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A joint-legislation bill introduced in North Carolina on Thursday would require doctors to prescribe opioids electronically and would limit prescriptions to a five-day supply, among a lengthy list of proposed reforms.
Both the state House and the Senate are calling the legislation the Strengthen Opioid Misuse Prevention Act of 2017, or STOP. According to media reports, proponents and seven sponsors in both lawmaking bodies hope the bills would together limit the supply of opioids in its cities and towns, many of which have been hit hard by the opioid abuse epidemic.
Drafts of both H.B. 243 and S.B. 175 are identical. Specifically, the bills would require prescribers and pharmacies to adhere to new reporting standards that include electronic prescriptions, investigations into the patient’s prescription history, and, in some cases, documented rationale for prescribing.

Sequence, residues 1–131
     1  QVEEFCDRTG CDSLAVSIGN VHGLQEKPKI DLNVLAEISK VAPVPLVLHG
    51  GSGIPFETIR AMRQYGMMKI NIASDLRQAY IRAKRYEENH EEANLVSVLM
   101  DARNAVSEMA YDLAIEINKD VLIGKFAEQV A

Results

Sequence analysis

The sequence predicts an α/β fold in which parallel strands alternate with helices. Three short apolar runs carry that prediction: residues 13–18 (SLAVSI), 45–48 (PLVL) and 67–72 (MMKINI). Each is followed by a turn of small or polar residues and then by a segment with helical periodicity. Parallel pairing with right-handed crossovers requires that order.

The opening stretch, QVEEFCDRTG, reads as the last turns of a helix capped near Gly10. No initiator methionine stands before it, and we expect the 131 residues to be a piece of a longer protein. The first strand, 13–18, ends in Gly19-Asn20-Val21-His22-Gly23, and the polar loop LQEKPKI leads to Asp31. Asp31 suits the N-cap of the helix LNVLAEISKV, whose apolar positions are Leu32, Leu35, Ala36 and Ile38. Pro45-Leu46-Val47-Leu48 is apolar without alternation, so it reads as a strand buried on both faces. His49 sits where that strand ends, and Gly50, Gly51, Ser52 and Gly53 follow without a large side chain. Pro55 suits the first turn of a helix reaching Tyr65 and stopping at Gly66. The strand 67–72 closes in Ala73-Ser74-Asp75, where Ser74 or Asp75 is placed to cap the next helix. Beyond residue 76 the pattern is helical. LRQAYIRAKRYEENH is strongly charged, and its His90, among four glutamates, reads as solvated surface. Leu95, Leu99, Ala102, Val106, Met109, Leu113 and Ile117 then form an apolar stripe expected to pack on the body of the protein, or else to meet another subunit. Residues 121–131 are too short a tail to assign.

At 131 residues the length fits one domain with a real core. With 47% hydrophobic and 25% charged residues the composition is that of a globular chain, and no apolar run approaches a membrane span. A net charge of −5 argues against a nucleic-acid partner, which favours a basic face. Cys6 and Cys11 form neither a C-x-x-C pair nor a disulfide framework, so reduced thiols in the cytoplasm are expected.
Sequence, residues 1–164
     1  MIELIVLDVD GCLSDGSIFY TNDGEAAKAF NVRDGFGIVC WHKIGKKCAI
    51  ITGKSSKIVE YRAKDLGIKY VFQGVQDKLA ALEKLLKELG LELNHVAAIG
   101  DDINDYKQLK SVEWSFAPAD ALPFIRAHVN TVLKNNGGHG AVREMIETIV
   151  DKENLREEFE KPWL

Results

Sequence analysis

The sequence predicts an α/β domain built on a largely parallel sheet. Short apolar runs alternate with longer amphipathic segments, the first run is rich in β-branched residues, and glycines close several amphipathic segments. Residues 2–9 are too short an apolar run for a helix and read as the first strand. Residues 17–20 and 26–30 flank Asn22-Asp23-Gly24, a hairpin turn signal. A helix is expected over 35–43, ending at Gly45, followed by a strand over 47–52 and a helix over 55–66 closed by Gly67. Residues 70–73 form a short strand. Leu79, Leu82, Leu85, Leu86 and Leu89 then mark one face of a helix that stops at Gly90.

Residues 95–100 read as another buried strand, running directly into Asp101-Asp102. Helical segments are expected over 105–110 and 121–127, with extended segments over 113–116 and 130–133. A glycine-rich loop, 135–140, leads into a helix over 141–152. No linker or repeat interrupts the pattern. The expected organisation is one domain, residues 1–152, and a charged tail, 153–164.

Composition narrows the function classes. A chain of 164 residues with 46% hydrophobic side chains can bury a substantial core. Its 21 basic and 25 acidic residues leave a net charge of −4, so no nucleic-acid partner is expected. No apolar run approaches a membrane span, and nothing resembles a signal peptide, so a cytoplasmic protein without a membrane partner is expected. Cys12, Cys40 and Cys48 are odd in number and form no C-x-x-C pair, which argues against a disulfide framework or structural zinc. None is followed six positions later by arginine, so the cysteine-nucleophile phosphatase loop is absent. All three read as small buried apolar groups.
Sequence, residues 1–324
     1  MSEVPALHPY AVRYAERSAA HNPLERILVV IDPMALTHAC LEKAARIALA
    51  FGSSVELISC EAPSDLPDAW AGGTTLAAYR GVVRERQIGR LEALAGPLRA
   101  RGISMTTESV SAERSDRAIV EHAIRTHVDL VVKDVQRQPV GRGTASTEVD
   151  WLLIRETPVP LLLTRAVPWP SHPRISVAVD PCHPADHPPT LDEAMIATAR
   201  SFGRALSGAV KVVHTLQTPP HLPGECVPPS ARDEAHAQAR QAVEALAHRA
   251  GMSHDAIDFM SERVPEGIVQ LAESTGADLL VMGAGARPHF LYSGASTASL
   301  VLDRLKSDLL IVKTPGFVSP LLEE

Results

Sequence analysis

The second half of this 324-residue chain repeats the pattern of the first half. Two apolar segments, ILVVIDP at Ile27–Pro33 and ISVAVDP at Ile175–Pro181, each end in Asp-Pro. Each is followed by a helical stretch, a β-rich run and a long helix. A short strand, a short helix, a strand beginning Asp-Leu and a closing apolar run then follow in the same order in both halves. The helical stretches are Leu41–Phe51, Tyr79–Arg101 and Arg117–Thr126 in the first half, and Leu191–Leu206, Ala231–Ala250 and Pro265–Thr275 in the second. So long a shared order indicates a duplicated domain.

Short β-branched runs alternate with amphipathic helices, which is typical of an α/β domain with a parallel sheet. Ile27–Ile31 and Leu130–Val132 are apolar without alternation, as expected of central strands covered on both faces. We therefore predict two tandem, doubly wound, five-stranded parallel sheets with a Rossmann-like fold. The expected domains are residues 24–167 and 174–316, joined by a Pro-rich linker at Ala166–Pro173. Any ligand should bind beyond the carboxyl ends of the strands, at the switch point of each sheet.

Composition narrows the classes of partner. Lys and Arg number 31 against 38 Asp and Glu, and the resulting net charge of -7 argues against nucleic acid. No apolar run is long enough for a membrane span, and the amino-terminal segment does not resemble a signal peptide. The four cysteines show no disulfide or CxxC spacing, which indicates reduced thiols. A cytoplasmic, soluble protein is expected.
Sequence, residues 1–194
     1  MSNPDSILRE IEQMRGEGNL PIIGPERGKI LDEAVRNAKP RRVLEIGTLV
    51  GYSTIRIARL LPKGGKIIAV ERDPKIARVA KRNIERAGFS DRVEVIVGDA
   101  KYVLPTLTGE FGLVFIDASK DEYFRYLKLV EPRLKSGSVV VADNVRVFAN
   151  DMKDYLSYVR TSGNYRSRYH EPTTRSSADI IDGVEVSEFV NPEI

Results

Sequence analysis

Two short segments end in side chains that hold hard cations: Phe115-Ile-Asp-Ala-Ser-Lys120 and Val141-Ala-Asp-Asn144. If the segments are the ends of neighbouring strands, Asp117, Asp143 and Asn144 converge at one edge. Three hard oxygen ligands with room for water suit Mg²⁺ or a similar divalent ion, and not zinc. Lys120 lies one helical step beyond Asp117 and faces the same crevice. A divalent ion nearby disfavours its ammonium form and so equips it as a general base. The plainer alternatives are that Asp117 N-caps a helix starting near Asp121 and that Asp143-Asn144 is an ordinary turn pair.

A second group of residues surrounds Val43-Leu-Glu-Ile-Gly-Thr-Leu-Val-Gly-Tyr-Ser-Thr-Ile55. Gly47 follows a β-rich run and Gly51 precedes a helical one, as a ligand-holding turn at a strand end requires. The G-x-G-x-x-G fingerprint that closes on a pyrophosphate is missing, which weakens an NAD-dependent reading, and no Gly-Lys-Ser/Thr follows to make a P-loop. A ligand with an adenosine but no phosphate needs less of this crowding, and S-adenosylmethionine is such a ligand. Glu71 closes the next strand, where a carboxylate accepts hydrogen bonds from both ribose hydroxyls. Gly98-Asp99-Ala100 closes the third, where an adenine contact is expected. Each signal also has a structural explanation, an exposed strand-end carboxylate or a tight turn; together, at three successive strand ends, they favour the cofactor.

Noncompliance would carry civil penalties for pharmacies at up to $10,000 a year. The legislation also calls for audits of prescribers.
The New Jersey General Assembly is slated to vote Thursday on legislation that would force sweeping changes in opioid prescribing among doctors in the state, three days after the state’s Senate unanimously passed a similar bill.